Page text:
Atiba village slept in the burrow on the outskirts of Ibadan. A picturesque village predominantly populated by peasants. As usual, the street was deserted, and houses looked old. The shops along the road were few and the only school in that village is Best Legacy Government School. Just a few yards off the road, a borehole constructed by the well-known philanthropist who has been one of the few blessings to the village was filled with both old and young trying to fetch water for themselves, people as always impatient as they could be, are already arguing about who to fetch water next. At the end of the road, a church and mosque stood meters away. Behind the mosque are some houses that looked decent enough – only those who have rich and well-to-do children could live in such kinds of buildings. The government seem to have forgotten the Atiba village as all the efforts of the elders to seek their attention has proved abortive. They don’t have electricity in their homes, the roads are bad, and with just a primary school and secondary school, the village is what we can call an undeveloped area. Best Legacy Government School has about 200 pupils in total in various classes ranging from primary one to primary six. One could hear their voices as they chorused after their class teachers while taking their classes. Teachers have been discouraged to go on with their work since they have been underpaid. In fact, they are already being owed salary for 3 months, and the expected payment date is not even known. Despite this, teachers have decided to teach the students irrespective of the lack of receipt of their salaries. Most of these teachers are indigenes of Atiba Village and they all barely manage to survive by practising subsistence farming. Their focus is to help the children become better citizens in the future who will contribute their quota to the development of the village just as they are doing now. Mr Obi the school Principal drove his old beetle car out of the school premises into the driveway slowly and acknowledged the villagers’ greetings as he drove out. He drove to his house to meet his lovely wife at home. Mrs Obi has been busy in the kitchen preparing a sumptuous meal for her husband – fufu and egusi soup filled with bush meat and ponmo. Mrs Obi has been dancing and rejoicing in the kitchen because she is eager to share the happy news with her husband. The joy of every woman after getting married is to get pregnant and bear children. “Oh Lord I am very grateful” was the song she was singing all along and she didn’t know when her husband entered the kitchen. “My dear, I have been perceiving the aroma of your soup since I stepped into the house. What is going on?” Mr Obi asked as he moved toward his wife to give her a warm hug. “Welcome back my husband. It’s the Lord’s doing for us to be happy”. Yeah! I have good news for you, but you must have your food before I share the news with you.” She replied. “Must I finish eating before you’ll tell me about the good news? that will take a long time knowing that I eat slowly.” Won’t you tell me now before I die of apprehension? He begged. “Yes, trust me the good news will make you happy for the rest of your life. Just calm down, go and freshen up while I set the table for you.” She said.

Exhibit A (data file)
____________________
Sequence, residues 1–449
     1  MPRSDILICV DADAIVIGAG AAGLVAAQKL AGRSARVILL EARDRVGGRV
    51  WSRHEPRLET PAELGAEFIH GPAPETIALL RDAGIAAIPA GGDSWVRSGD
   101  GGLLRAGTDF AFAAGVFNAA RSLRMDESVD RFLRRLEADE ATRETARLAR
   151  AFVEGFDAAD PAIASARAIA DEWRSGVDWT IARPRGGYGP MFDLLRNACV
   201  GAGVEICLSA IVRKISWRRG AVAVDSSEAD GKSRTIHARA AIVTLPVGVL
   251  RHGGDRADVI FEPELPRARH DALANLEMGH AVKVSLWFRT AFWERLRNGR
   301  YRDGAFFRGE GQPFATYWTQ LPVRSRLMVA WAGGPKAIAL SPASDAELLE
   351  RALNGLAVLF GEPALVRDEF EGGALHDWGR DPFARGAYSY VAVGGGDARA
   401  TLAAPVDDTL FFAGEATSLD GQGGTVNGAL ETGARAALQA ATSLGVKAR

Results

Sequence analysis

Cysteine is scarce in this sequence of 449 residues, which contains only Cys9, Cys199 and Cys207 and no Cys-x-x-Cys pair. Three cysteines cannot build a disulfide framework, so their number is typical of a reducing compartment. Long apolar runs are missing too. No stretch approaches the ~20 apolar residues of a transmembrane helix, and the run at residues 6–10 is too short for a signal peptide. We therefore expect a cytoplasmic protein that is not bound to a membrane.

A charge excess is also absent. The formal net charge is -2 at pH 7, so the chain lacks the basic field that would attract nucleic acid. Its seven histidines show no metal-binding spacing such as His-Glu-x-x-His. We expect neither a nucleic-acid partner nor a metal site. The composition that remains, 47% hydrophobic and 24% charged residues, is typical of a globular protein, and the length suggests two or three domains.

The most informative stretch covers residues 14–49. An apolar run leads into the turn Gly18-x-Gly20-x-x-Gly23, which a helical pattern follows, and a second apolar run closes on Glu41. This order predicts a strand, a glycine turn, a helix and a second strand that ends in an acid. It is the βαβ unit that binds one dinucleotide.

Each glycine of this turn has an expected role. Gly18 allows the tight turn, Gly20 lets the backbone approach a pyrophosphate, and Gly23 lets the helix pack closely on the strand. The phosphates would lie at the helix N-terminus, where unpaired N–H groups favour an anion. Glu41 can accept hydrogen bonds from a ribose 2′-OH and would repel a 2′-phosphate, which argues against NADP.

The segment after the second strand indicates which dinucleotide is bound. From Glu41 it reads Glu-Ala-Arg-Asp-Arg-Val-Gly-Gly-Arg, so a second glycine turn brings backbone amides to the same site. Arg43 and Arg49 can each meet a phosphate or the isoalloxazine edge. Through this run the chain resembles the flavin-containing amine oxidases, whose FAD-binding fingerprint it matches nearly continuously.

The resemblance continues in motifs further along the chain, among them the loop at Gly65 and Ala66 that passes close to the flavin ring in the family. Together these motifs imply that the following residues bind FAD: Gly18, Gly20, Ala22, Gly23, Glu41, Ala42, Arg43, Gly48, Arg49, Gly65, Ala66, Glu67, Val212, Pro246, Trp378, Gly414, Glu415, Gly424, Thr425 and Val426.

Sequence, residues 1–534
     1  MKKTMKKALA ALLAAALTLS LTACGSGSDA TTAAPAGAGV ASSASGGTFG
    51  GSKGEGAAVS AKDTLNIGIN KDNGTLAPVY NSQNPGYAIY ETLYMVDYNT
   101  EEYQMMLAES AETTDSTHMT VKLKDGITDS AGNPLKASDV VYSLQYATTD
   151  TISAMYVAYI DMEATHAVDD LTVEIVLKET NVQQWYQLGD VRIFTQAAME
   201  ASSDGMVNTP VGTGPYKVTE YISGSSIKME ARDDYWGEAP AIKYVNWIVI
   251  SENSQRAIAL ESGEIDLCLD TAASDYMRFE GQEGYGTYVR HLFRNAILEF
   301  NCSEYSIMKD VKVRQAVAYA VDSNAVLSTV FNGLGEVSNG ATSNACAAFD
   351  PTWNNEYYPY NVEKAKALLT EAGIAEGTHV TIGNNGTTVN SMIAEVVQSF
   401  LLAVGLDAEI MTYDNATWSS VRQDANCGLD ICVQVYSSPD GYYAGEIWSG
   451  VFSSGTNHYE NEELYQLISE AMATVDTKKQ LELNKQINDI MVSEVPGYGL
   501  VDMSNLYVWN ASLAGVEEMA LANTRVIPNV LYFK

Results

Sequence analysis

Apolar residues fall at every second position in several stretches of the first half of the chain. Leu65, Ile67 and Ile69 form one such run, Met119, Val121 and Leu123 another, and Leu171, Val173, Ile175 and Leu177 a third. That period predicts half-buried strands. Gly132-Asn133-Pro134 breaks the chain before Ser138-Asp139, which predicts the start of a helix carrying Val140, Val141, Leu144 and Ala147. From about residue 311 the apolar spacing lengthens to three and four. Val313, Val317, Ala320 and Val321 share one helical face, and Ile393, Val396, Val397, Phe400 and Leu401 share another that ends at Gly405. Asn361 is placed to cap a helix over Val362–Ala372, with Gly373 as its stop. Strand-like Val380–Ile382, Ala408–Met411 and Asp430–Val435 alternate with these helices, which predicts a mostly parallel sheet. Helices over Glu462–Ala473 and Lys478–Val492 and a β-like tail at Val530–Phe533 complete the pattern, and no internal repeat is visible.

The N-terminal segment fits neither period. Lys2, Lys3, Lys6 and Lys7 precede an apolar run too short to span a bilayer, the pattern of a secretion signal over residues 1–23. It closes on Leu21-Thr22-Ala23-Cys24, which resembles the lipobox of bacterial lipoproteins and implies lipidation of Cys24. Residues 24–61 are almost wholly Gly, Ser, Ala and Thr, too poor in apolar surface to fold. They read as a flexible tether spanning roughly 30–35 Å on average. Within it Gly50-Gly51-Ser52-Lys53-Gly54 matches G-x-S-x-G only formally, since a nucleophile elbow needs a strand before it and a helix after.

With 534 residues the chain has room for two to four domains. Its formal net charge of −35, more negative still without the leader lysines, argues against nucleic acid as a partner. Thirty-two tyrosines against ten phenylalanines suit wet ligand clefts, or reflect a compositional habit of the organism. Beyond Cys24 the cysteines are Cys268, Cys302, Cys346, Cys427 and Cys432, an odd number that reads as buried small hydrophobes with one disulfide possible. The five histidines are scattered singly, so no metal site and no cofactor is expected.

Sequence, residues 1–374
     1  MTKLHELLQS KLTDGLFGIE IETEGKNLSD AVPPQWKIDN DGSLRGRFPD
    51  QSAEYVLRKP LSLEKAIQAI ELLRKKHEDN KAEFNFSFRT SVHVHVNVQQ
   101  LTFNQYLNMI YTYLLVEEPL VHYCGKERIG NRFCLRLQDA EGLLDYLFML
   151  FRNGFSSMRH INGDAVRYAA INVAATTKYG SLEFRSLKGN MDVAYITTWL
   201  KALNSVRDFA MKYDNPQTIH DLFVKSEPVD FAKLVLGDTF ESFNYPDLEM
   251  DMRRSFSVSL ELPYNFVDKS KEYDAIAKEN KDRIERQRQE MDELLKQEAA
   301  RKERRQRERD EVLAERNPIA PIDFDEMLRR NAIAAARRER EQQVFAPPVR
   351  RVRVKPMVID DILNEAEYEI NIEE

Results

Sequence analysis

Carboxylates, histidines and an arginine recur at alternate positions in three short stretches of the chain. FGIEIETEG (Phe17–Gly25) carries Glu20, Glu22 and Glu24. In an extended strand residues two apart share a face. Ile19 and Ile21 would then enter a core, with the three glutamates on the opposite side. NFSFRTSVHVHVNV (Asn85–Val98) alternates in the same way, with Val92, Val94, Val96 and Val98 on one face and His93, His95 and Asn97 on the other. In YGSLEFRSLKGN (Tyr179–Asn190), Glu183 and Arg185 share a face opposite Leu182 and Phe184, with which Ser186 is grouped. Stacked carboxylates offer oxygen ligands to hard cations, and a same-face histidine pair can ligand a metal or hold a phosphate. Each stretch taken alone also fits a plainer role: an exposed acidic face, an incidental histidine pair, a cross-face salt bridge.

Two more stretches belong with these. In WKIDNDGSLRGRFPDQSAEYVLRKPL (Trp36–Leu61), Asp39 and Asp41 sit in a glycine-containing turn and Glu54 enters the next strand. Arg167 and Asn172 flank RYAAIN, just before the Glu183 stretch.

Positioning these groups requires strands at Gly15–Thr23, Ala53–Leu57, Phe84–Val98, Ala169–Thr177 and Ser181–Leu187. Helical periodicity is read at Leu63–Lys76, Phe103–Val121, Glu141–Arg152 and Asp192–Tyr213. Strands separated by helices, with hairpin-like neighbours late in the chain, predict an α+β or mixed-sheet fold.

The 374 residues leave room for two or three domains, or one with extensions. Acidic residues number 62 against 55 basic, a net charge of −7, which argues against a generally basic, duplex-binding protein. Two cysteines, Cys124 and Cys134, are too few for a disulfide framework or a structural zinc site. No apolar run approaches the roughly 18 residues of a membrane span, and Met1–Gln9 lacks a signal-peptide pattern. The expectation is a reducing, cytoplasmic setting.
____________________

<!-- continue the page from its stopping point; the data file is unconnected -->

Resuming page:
*** After about 20 minutes ***